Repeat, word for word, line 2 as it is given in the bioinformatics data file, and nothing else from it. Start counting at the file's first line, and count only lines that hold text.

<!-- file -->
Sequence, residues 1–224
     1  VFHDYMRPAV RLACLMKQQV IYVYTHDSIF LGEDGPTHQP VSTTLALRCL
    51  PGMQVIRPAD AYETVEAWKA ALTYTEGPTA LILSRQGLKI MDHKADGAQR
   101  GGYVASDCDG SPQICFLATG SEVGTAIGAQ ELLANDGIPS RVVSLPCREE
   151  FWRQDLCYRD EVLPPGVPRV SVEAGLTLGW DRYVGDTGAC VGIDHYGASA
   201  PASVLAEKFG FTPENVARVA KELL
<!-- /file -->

     1  VFHDYMRPAV RLACLMKQQV IYVYTHDSIF LGEDGPTHQP VSTTLALRCL